As we documented in the last post, the Summer of 1991 had our heroes on the road again. This revamped juggernaut wiped out Chicago on this date in 1991. The boys played the Avalon with the Lunachicks and Spinout in support. Here are some memories of the gig from our Senior Midwest correspondent, Robbie Q:
The Avalon was formerly known as The Quiet Knight, a truly legendary folk/rock/blues/comedy club. It was located on the second floor of a building at Belmont & Sheffield, just a bit south of Wrigley Field.
Many future stars played there in the ’60s & ’70s. Springsteen, Jackson Browne, Bob Marley, Bonnie Raitt, Warren Zevon, the Kinkster, even Jimmy Buffett played there before they were stars. But by the time punk hit, the place was declining, as was the neighborhood, and it finally closed, reopening as “Tut’s,” becoming a cornerstone of the Chicago punk scene, then finally becoming the Avalon. I don’t believe it stayed open as the Avalon very long, either. Too bad, it was a cool and historic room. The building is still there. Last time I went by, several years ago, the second floor was now occupied by a beauty/barber college. I wonder how many future cosmetologists knew the real history of the place?
DATELINE – 1975 LOCATION – THE SOUTHWEST SIDE OF CHICAGO
The thrill was gone. The fun was dwindling. Awful, boring music by Pink Floyd, The Dead & The Eagles was oozing out of every radio. Led Zep was the biggest band in the world, inexplicably more popular than The Who. The Stones were still up there, too. Most of my favorite bands were either on the way to oblivion, or were already there. The Coop had just replaced his band with dancing toothbrushes. The mighty Sabbath was sputtering. Blackmore had ditched The Purps. Jimi was still dead.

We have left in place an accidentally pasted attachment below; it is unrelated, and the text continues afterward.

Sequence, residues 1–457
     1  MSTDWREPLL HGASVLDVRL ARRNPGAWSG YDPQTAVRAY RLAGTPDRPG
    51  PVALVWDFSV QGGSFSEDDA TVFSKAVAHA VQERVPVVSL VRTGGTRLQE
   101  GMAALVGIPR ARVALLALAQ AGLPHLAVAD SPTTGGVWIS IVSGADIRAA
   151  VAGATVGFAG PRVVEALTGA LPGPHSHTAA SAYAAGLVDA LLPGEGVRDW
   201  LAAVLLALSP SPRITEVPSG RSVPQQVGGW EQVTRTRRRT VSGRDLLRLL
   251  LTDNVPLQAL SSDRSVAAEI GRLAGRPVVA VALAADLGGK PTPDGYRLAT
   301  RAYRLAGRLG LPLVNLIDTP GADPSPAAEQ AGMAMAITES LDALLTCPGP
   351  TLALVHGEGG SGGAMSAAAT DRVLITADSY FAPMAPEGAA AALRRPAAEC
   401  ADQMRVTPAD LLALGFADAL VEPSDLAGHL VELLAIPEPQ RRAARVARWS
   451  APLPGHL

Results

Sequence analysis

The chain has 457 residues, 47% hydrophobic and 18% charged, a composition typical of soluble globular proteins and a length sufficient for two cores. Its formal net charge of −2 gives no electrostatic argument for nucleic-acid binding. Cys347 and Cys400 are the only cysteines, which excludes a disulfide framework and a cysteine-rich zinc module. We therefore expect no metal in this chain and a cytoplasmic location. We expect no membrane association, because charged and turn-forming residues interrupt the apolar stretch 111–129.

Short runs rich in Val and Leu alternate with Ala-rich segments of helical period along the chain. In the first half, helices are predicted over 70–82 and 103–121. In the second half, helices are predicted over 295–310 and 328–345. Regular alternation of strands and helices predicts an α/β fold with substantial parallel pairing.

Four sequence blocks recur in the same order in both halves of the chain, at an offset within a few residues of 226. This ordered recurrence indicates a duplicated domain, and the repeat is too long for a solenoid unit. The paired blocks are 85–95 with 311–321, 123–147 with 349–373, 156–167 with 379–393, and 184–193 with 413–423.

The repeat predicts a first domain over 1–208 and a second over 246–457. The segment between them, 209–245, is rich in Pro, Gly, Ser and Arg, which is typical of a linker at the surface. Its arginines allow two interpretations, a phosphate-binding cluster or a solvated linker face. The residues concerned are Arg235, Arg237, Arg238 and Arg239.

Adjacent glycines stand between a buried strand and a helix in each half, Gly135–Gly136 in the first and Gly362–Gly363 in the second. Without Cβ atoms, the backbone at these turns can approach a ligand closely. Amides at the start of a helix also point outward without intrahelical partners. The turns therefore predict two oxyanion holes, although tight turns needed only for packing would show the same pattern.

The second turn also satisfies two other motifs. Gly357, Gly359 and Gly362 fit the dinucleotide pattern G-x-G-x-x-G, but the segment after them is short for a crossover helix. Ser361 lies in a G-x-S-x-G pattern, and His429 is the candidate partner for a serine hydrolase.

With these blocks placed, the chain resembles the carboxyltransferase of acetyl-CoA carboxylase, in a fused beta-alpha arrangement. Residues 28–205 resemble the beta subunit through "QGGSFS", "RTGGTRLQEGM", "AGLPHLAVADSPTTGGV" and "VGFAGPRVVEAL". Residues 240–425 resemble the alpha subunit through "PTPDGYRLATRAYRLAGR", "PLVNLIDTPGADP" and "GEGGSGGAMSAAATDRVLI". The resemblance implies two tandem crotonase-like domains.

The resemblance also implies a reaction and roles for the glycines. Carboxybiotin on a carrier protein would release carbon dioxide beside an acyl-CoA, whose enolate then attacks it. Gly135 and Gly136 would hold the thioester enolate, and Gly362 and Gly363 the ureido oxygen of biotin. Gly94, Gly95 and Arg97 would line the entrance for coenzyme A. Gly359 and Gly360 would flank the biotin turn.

Acts like Blue Oyster Cult, Aerosmith, Queen, Thin Lizzy, The Nuge & Kiss had steadily built large followings, all would break into the rock & roll stratosphere in the next couple of years. AC/DC was unknown. We upper midwest record store geeks had just found our great white hope, a band from up Rockford called Cheap Trick, who were blowing our earflaps off in the bars and clubs around Chicago. Man, they were the most exciting live band this side of J. Geils! The Trick brought back some of the thrills, fun, and power we’d been pining for, but it’d be almost two years before they got an album out.
It would be another year before the two headed dog of punk and disco would begin to howl at each other.
THE DICTATORS RE-FORM TO HEADLINE
“THE TENTH ANNIVERSARY OF PUNK”
CONCERT AT THE RITZ, NYC
NYC? The Big Apple? Me? It was January, 1986. I was 32, and had never been east of Dayton. But when the call came from Salvi, telling me about the Dictators reforming to headline the “10th Anniversary of Punk” at the Ritz, I did what any red-blooded Dictators fan would do … I borrowed $250 from my then-girlfriend and headed to Midway Airport! I hopped a Thursday night flight to Newark via People’s Express, a budget airline that required passengers to pay in cash once the plane was in the air! People’s Express made traveling by Greyhound seem like a first-class trip in comparison. But I got there in one piece. Who knows what fell off that plane en route?
I landed at Newark, no plans, no room, ending up crashing at the Ben Franklin Inn (“Where a Penny Saved…”). Friday dawned bright and crisp, I grabbed an eventual bus to downtown Newark. A nice gentleman sat next to me immediately, asking me lots of questions, several times inviting me to hop off the bus for “a drink or two.” People sure were friendly in Newark! And I’d heard such bad things.